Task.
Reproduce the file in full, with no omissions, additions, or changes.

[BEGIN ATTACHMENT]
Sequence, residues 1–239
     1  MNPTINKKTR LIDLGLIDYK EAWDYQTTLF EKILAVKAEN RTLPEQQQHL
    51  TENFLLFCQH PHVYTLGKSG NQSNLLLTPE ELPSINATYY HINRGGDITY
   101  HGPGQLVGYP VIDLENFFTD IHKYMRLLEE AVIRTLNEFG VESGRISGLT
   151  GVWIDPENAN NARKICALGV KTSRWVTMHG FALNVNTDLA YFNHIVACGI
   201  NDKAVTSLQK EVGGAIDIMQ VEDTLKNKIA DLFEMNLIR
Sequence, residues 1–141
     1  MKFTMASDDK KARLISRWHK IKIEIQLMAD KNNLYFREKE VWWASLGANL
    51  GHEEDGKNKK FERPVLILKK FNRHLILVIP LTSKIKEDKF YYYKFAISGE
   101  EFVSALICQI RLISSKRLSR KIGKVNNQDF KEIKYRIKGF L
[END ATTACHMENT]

Sequence, residues 1–239
     1  MNPTINKKTR LIDLGLIDYK EAWDYQTTLF EKILAVKAEN RTLPEQQQHL
    51  TENFLLFCQH PHVYTLGKSG NQSNLLLTPE ELPSINATYY HINRGGDITY
   101  HGPGQLVGYP VIDLENFFTD IHKYMRLLEE AVIRTLNEFG VESGRISGLT
   151  GVWIDPENAN NARKICALGV KTSRWVTMHG FALNVNTDLA YFNHIVACGI
   201  NDKAVTSLQK EVGGAIDIMQ VEDTLKNKIA DLFEMNLIR
Sequence, residues 1–141
     1  MKFTMASDDK KARLISRWHK IKIEIQLMAD KNNLYFREKE VWWASLGANL
    51  GHEEDGKNKK FERPVLILKK FNRHLILVIP LTSKIKEDKF YYYKFAISGE
   101  EFVSALICQI RLISSKRLSR KIGKVNNQDF KEIKYRIKGF L